My friend and I were on a long hike through the Valle de Viñales. Led by a local guide who spoke no English. We walked on red dirt paths through yuca, sugarcane and plantain farms. While we were in the wrong season to see the star of this valley, its famous tobacco fields, the rural landscape against the backdrop of the Mogote hills was still a spectacular salve to the urban streetscapes of Havana and Santiago. Our guide seemed to know everyone – we stopped again and again to speak to guajiros (rural cowboys) trotting away on their horses after a long day’s work at their fincas (farms). We casually stopped to talk to yet another farmer, who kindly invited us into his farm. Pretty soon he was showing us how to extract sugarcane juice on a traditional cane press and pointing at various fruits in his tree. Bah, said the Indian in me. Seen that a million times. But surprise, surprise. He plucked a lime and a pomelo. He chopped a pineapple with his machete and squeezed it to juice it. Within no time, the sugarcane and the pineapple juice had been mixed with locally sourced honey and generous doses of Guava rum (made locally again). Our cocktail was ready! With a deftly made wedge, the pomelo became our glass. He inserted a lime wedge into the pomelo and asked us to pour our drink in small quantities into the pomelo and before every sip, squeeze the pomelo and the lime wedge for some much-needed citrus zing. The best cocktail ever served in the fanciest way at a farm by a farmer! What an unexpected treat!
Playa Girón and the revolution stories
The Cuban Revolution has made a lasting impression on my mind. Most of all, the battle at Playa Girón or Bay of Pigs between an American trained force and a newly created Cuban force is stuff that legends are made of. David vs Goliath. The failure of the U.S. to succeed in this invasion of Cuba will continue to haunt them for time immemorial and serve as a motivation to all nations who are battling Neo-imperialism.
Here’s a full post dedicated to the revolution stories.
Street art in Cuba
The love for bright colours and patterns that Cubans have finds it way to their graffiti as well. It was pretty common to find alleys, walls and houses covered with graffiti, mosaic as well as interesting installations (bath-tubs seemed to be a weird favourite). It was interesting to walk through Callejon de Hamel and Fusterlandia in Havana, where individual artists inspired by religion and Gaudi respectively had let their art flood out of their studios into their neighbourhoods.
Exploring the streets of Trinidad
Cuba has 9 UNESCO world heritage sites and in my humble opinion, Trinidad is the queen of this list. My first impression of Trinidad wasn’t much, but as I drove into the centre of the city, I felt myself gape all around. The town seems like a frontier town. Horse carts and cowboys on horses are commonplace sights on the cobblestone streets and the pastel shades of the Andalusian style buildings make Trinidad look like a slice of Spain marooned on the Carribean. Cafés, bars and casas are tucked into little houses, all quite similar looking unless you remember the door number. The Plaza Mayor or the main square is the star of the town – dominated by the main church, Iglesia de la Santisíma Trinidad. At the centre of the Plaza is my favourite part, La Escalera, giant staircases that host the Casa de la musica and turn into a fun salsa dancing venue under the stars every night. The stairs lead up to an old roofless building which is rumoured to be the ruins of an old church. This is now a discotheque – a rather unique experience after all the salsa/son routines.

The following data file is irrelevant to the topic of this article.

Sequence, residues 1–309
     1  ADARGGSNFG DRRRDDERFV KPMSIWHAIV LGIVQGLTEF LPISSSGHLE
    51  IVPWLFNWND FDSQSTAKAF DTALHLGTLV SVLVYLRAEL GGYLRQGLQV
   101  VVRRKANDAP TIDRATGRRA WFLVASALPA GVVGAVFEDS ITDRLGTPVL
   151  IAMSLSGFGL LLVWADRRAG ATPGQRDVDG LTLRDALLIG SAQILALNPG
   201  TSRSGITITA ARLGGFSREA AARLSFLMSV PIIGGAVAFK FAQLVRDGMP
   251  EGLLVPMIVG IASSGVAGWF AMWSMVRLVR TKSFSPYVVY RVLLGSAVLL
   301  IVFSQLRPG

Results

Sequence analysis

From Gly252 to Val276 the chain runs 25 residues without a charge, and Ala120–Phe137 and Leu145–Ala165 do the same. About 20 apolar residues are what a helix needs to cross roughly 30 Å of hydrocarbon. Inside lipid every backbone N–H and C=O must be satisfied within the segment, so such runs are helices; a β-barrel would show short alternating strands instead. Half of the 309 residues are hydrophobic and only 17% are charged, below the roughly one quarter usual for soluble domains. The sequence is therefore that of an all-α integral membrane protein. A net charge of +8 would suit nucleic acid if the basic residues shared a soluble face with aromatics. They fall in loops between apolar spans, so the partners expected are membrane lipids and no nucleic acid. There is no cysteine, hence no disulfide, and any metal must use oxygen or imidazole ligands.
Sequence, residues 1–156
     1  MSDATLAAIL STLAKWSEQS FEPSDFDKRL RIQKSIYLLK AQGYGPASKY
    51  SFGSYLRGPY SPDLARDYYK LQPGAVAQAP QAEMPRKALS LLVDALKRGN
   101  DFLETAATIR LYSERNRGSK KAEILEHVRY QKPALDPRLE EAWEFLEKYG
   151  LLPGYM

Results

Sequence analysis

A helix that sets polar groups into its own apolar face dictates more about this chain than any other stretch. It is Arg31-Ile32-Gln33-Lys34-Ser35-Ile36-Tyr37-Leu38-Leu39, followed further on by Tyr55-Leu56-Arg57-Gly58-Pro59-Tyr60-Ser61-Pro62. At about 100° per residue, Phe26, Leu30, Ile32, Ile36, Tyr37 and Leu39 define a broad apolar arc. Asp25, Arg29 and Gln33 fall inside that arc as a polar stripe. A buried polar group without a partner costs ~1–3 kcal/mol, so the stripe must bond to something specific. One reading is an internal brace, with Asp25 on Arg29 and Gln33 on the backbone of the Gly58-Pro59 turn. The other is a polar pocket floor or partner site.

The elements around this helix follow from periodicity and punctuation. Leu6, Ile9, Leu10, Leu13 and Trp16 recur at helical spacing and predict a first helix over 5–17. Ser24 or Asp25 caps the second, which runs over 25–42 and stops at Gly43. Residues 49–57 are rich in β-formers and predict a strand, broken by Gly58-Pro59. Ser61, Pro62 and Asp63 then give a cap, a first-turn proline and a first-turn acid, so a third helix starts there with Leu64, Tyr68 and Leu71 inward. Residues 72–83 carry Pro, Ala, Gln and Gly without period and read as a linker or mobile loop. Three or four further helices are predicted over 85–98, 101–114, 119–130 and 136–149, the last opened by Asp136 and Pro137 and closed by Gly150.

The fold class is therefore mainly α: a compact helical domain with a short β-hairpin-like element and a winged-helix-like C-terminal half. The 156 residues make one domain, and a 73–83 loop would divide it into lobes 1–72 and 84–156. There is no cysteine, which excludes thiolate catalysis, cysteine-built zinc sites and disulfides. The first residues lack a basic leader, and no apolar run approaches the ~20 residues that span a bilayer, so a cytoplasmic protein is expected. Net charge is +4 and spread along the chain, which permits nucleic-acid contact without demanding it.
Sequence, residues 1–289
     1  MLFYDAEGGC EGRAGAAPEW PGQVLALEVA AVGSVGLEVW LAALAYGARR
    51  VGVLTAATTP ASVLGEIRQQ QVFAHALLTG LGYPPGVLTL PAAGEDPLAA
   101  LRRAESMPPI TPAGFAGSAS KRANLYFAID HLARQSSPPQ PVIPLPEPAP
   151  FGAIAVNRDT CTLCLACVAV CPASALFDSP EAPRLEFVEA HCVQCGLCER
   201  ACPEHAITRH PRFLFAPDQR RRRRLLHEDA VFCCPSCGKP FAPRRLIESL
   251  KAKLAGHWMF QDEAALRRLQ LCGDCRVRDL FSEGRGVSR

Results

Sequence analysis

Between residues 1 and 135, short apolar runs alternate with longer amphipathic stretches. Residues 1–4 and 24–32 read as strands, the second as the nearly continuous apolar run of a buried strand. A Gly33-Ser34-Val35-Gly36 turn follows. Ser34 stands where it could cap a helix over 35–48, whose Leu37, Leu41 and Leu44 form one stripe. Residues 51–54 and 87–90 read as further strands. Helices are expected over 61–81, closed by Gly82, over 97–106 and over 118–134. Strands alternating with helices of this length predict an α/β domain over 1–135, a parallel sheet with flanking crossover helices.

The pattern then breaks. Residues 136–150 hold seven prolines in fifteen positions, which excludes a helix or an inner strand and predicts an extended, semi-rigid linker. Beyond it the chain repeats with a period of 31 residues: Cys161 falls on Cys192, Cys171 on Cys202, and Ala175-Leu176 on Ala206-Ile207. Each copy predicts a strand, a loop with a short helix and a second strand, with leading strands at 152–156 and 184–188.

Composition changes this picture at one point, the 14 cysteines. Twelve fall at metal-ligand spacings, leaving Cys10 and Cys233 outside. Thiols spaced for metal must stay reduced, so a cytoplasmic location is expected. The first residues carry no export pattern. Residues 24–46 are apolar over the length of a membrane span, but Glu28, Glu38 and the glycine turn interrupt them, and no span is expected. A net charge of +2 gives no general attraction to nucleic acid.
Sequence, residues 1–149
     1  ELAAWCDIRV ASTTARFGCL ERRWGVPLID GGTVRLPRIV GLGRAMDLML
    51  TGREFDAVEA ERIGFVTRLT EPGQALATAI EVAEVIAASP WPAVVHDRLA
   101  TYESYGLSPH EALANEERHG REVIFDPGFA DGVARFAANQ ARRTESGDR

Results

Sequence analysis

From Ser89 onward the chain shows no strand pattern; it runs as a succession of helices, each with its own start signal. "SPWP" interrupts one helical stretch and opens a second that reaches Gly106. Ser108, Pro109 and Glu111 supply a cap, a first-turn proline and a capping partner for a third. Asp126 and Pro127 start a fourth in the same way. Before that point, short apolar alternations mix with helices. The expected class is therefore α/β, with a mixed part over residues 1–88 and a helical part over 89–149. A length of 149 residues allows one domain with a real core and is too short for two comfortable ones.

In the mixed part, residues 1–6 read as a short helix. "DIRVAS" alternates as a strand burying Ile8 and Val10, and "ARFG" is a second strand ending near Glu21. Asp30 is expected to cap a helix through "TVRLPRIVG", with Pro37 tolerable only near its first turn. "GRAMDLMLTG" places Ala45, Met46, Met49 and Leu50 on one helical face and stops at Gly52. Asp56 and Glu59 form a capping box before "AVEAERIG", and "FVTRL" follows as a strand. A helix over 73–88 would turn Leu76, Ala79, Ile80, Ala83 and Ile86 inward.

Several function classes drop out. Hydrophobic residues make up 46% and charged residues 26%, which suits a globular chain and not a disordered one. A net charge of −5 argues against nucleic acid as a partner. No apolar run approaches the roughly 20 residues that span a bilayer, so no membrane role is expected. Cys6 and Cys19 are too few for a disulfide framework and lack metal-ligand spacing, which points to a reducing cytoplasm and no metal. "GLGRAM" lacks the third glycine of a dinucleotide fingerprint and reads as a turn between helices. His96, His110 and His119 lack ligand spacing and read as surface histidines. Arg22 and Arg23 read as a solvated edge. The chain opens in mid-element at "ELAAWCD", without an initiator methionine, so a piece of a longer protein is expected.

Drinking mojitos and daiquiris throughout the day
At 2.5 CUCs, it is pretty easy for anyone to be on a liquid diet in Cuba. Mojitos and Daiquiris are both Cuban inventions – I didn’t know this before going to Cuba. And well, Mojitos are pretty much treated like lemonade. So drink up all you can to battle the heat!
Being complimented a 100 times a day
A woman, especially a foreigner, cannot pass a street without being complimented! Cuban men just won’t allow that! Even if they are walking with their wives or girlfriends! Sounds of “Mi amore”, “Linda” and “Bonita” will follow you everywhere. And it’s fun to bask in this attention. While it lasts I guess. Good luck to my husband now. He has a hard act to follow:-)
Meeting amazing people
People who know me, slot me as an introvert. But, my Cuban holiday exposed me to so many amazing people that for a change, I was actually happy to talk and socialise! My amazing dance instructors, the other students at the dance school, my excellent guide, other travellers with whom I travelled around, random people I bumped into at cafés and on roads, my many dance partners, my lovely hosts at the Casa particular, the bookseller at Callé Heredia, the bar-tender at ARTex, my fellow-travellers at Cubana Air with whom I was stranded for 2 days, the neighbour who would greet me every day on Callé Basilio – I have a long list of people and happy moments that I want to retain forever.